Parallel with shipbuilding, specialized work boat designs were developed to serve other sectors of water transportation. Sometimes adapted from existing designs, at times brought in from other coastal locations, developed in collaboration with working fishermen – or by the fishermen themselves, these work boats were excellent examples of the synergistic interaction of imagination, practical design skill, workmanship, and local needs and cultural norms.
The earliest work boats were probably those associated with whaling, which arose earlier than the other species-specific fishing industries. The Simpsons’ history of whaling on the coast highlights Shackleford boatbuilder Devine S. Guthrie, who built his six-man, twenty- to twenty-five foot, double-ended lapstrake boats, high in the bow and stern, from local timber – a design traceable to fourteenth century Basque shore whalers.90 Allford’s recent booklet on coastal work boats says that experimentation with their forms began as early as the mid-1870s.91
In the nineteenth century, as Mark Taylor recounts, three adaptive work boat types evolved that “evolved in or had have strong links to North Carolina coastal waters”: the sharpie, the shad boat, and the spritsail skiff.92
The sharpie is characterized by seaworthiness, large cargo capacity, open work area, and shallow draft. It was introduced into the Outer Banks area by Rhode Islander George Ives in 1875, who knew them through their widespread use on Long Island. Initially skeptical, Banker fishermen quickly took a liking to them after a sharpie bested their traditional boats in a race, and by 1880 there were more than 500 of them in use.93 Characterized by a plumb stem, straight sides, flat bottom, and rounded, half-decked stern, the boats usually were two-masted, spritsail craft which, because they lack a low-swinging boom, offers ample headroom. An inexpensive, solid, durable model could be built quickly from local pine, oak, cypress or white cedar. They ranged from twenty-six to thirty-six feet, were crewed by one or two men, and were used for either oystering or fishing.
By modifying the traditional sharpie with more powerful double-masted, gaff-rigged main and topsails usually used on schooners, the boats could adequately pull heavy iron oyster dredges. In such a configuration they were known as schooner-sharpies or “Core Sounders,” which could range up to forty-five feet long. The largest, at sixty-three feet, was built in Beaufort in 1899. Some were even used to haul fish to the West Indies, returning laden with sugar, molasses and rum.94 By the 1930s, Alford reports, most of the sailing sharpies had disappeared or been fitted with engines. Many converted sharpies ended up in Florida or the Bahamas.95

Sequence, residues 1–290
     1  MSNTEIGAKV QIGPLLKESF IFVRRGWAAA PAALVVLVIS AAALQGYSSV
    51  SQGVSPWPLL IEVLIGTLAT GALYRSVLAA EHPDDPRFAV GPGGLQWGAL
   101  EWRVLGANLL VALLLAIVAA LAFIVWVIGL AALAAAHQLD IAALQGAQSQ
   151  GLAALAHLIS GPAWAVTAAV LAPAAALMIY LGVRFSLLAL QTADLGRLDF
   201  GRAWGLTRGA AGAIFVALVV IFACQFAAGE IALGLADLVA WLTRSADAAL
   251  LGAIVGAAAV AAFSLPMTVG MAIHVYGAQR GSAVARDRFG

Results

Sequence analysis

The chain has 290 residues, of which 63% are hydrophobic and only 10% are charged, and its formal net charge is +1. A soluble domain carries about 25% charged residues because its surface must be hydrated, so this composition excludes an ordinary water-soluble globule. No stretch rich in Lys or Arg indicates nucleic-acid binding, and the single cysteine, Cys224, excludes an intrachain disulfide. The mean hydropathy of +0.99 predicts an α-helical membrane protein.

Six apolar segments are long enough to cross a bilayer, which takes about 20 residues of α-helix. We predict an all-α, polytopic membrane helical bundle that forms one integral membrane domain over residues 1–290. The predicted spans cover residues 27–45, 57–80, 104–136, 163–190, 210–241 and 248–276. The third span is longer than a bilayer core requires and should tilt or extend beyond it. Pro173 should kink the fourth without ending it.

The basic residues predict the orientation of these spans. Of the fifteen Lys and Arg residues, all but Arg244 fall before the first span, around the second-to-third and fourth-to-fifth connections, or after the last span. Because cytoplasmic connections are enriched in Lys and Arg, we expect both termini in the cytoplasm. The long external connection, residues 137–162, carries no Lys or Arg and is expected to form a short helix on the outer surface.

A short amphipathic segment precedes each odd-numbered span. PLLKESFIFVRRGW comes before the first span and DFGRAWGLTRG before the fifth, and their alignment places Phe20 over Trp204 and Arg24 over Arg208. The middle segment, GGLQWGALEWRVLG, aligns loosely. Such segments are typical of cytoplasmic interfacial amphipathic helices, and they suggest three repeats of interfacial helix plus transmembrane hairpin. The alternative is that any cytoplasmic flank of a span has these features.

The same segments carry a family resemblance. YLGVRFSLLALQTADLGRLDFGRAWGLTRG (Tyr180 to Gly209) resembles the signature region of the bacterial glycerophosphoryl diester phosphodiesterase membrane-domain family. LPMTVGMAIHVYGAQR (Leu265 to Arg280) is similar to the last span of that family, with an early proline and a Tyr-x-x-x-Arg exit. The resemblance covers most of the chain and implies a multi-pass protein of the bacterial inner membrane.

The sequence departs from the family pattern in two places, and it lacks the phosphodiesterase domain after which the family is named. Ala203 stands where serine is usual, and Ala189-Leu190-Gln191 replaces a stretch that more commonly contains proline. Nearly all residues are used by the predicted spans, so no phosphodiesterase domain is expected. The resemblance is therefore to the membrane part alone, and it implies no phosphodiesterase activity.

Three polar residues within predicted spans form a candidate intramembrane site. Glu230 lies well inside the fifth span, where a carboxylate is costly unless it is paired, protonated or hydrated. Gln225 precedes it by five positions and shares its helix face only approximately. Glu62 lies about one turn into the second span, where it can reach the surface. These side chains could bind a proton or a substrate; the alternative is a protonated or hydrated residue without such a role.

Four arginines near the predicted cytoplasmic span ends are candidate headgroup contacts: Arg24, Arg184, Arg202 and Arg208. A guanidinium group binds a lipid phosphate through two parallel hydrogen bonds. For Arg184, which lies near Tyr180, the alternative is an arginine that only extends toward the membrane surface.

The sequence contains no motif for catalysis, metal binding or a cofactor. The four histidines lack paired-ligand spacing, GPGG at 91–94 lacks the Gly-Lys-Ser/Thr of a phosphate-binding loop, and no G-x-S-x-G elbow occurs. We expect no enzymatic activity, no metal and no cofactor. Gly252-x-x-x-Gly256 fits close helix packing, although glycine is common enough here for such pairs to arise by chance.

Core sounder boats came to prominence as that of the sharpies waned. Narrow, low-rise, round-sterned boats of thirty-six to forty feet, originally with small engines, they were well suited to sink-net fishing. [ILLUSTRATION: Core sounder work boat Alford p15. CAPTION: Fig. 4-22: Core Sounder Work Boat. Alford, Traditional Work Boats of North Carolina, 15.]
Round-bottom shad boats are traceable in design back to dugout canoes used by coastal Indians. [ILLUSTRATION: John White drawing – making boats.jpg. CAPTION: Fig. 4-23: De Bry Engraving of John White Drawing: The Manner of Makinge Their Boates (1585-86). British Museum.] Early settlers modified them to have broader bottoms, keels, and ribs. In that form, they were called kunners.96
By the mid-nineteenth century, however, logs suitable for such boats had become scarce, and boats constructed in such a manner were not able to do the work required. In the 1870s, Roanoke Island builder Washington Creef, working off the kunner prototype and aiming to come up with a shallow-drafted, relatively small (under twenty-seven feet), seaworthy boat that could haul heavy loads from pound nets with a large spritsail and flying topsail suitable for light summer breezes, came up with what came to be known as the shad boat. In the 1920s, a v-bottom, deadrise form of the shad boat replaced the older round-bottom style.97
Modifications to the shad boat design around the turn of the twentieth century made them attractive to waterfowl hunting clubs on the Banks, which bought many of them. Their great speed also made them attractive to rum runners during Prohibition. Stick reports that they have also been used extensively by commercial waterfowl hunters.98 With engines installed, a few remaining shad boats were still in use in the 1980s by Manteo-based commercial fishermen. In 1987 it was designated by the state legislature as the official North Carolina State Historical Boat.
The small spritsail skiff was only sixteen to twenty-two feet long, but it was the “mule” of coastal clammers, oystermen, crabbers, and fishermen. Equipped with a centerboard but no keel, it drew only four to six inches of water with the centerboard up, but even with several fishermen and a large net aboard it could haul several thousand pounds of fish or shellfish. Examples of working spritsail skiffs have virtually disappeared in recent decades, but renewed interest in traditional boats has led to a revival of the design for recreational use.99
A highly functional Harkers Island boat design emerged in the 1920s, partly in response to the tendency of the traditional flat-bottomed sharpies to snake and vibrate when converted to gasoline or diesel power in the late teens. The Harkers Island design emerged from combining other functional aspects of sharpies with engine power and the “Harkers Island [or Carolina] flare” that threw water away from the hull at high speeds. The first such boat is usually credited to Bogue Sound vessel repairman Brady Lewis, who relocated to Harkers Island in 1926. Harkers Island boats are used for trawling, shrimping, dredging and recreational fishing.100